Primary Prevention of Prescription Drug Misuse Among Culturally and Linguistically Diverse Suburban Communities
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Comprehensive strategies for prescription drug misuse must reach culturally and linguistically diverse suburban populations to effectively combat the ongoing opioid epidemic. The purpose of this study was to conduct a community needs assessment and inform the development and implementation of culturally appropriate primary prevention strategies for community-based interventions, specifically related to medication disposal practices. Three data collection techniques were utilized: key informant interviews (n = 4), intercept surveys (n = 71), and focus group discussions (n = 8; 61 participants). To accommodate linguistically diverse subpopulations, surveys and focus groups were available in English, Spanish, Arabic, Russian, and Hindi. Participants were overwhelmingly female (survey: 70%/FGD: 84%), ethnic minorities (survey: 61%/FGD: 66%), and, on average, middle-aged [survey: 52 years (SD: 19)/FGD: 54 (15)]. Approximately one in three survey respondents (30%) had heard of drug-take back events, and one in ten (10%) had participated. Non-English speakers were less likely to both perceive a community problem with prescription drugs (β = − .35; p < .001) and be aware of take-back opportunities (β = − .23; p = .038). Focus group participants expressed confusion about appropriate medication disposal methods, identifying potential sources of conflicting information. Recent media coverage and political events have heightened stigma towards non-English speaking and non-native peoples, increasing their fear of law enforcement and other perceived threats. To encourage community engagement in take-back events, we identified multiple ways, such as multilingual materials and marketing campaigns, which may help marginalized suburban subpopulations feel less threatened and more included in prescription drug misuse prevention activities.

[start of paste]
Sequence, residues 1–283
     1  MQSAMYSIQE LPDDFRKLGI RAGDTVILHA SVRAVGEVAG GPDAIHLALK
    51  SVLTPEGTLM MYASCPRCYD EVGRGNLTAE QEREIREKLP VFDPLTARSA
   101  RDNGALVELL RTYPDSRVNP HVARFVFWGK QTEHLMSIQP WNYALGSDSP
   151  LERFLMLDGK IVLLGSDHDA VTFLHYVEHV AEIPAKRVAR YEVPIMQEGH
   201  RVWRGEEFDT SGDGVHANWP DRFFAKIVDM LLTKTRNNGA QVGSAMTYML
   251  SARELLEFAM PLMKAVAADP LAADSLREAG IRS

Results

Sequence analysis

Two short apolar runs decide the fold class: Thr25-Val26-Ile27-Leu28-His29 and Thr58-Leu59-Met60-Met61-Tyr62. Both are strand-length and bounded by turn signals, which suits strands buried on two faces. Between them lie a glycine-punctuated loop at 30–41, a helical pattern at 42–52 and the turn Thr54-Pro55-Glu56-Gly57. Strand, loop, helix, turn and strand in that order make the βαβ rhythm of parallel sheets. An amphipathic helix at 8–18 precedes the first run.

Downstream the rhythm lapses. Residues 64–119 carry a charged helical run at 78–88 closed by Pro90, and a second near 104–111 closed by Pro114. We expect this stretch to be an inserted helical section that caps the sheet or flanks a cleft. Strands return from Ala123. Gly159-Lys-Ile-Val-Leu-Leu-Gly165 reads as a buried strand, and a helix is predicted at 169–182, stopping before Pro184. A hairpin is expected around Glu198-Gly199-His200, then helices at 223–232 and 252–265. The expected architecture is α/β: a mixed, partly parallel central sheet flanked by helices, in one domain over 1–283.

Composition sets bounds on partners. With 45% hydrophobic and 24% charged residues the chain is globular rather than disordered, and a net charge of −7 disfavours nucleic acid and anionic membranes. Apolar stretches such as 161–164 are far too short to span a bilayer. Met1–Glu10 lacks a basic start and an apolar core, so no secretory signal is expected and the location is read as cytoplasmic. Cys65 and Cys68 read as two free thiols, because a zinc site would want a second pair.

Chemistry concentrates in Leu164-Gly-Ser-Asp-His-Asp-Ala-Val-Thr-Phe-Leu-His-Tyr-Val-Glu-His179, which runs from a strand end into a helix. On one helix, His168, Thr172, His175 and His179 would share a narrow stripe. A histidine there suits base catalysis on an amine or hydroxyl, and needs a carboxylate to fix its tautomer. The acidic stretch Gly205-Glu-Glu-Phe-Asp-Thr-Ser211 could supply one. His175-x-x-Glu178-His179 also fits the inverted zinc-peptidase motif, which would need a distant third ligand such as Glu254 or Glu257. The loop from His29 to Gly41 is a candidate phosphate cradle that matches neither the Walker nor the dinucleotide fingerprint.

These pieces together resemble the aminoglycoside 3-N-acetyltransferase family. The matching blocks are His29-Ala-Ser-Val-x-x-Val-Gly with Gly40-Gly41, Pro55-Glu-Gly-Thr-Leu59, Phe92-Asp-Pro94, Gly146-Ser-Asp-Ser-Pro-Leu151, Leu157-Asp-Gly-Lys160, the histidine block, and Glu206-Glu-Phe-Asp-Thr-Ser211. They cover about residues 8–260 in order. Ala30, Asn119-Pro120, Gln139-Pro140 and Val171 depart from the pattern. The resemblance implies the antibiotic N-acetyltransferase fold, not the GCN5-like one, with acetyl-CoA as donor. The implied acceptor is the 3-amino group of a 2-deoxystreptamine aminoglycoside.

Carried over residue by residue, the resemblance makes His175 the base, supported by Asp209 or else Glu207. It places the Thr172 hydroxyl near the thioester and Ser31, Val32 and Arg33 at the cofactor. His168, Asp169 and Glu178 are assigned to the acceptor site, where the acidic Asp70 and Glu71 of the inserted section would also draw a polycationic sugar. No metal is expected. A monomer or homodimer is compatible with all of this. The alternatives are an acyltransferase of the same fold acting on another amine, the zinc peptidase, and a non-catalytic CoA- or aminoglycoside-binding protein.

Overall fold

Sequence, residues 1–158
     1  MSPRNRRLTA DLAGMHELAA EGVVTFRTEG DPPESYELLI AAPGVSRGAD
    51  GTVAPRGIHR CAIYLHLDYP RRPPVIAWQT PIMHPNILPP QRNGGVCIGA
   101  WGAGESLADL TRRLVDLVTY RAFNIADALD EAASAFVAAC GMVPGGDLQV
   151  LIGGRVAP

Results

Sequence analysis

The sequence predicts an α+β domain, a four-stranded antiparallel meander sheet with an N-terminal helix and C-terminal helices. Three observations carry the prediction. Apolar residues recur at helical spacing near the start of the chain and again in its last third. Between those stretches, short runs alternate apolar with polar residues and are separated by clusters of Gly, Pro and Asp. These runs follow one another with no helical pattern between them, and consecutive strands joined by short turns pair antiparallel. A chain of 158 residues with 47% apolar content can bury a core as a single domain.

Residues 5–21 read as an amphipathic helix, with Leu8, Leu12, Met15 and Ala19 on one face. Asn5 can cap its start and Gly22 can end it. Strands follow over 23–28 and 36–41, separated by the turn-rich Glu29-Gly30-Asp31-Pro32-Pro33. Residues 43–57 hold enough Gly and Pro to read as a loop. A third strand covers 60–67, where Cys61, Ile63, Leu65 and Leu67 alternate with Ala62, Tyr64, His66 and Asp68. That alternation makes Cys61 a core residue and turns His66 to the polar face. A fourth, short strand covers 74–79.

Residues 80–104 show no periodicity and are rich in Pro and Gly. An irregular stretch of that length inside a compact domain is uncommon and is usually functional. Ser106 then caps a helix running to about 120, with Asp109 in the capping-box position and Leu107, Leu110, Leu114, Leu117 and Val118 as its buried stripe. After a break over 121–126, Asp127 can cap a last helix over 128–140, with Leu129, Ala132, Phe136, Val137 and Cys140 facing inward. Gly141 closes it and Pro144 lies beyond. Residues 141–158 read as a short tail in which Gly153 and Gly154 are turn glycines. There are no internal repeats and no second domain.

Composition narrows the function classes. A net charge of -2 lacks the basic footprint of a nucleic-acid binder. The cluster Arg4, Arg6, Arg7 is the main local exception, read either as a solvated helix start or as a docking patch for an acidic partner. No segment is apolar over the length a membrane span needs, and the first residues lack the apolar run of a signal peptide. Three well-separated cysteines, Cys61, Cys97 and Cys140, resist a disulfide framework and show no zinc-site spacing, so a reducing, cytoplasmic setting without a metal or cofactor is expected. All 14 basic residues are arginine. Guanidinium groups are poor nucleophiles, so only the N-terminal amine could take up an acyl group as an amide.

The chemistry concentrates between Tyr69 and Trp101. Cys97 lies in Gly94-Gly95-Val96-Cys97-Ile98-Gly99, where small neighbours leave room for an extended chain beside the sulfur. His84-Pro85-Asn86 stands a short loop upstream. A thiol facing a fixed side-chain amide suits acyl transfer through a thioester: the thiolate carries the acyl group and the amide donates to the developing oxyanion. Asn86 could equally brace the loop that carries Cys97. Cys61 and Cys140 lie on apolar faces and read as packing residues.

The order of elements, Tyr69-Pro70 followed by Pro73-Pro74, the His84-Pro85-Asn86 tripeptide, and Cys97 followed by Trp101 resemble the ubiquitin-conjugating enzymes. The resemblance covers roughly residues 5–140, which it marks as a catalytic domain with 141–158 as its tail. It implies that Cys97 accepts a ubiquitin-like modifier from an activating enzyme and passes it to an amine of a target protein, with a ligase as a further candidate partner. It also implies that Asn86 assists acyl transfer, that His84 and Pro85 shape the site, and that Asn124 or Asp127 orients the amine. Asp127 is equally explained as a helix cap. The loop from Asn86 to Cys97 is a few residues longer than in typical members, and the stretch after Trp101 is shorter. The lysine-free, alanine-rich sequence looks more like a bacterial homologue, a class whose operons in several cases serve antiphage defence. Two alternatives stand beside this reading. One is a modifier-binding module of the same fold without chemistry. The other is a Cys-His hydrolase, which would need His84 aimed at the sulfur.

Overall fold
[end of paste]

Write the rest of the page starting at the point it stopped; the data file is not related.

KeywordsPrescription drug misuse prevention Culturally diverse populations Drug take-back
This work would not have been possible without the YWCA Bucks County community site coordinators and our volunteer participants from Bucks County, we are very thankful for their collaboration and support. From Drexel University, we would also like to thank Kristine Alarcon, who supported the planning, development and implementation of this study, and Nguyen Tran, who provided invaluable feedback during the analysis process.
This work was supported by the Substance Abuse and Mental Health Services Administration under Grant No. SP-14-004.
Compliance with Ethical Standards
Conflict of interest
The authors report no conflict of interest.
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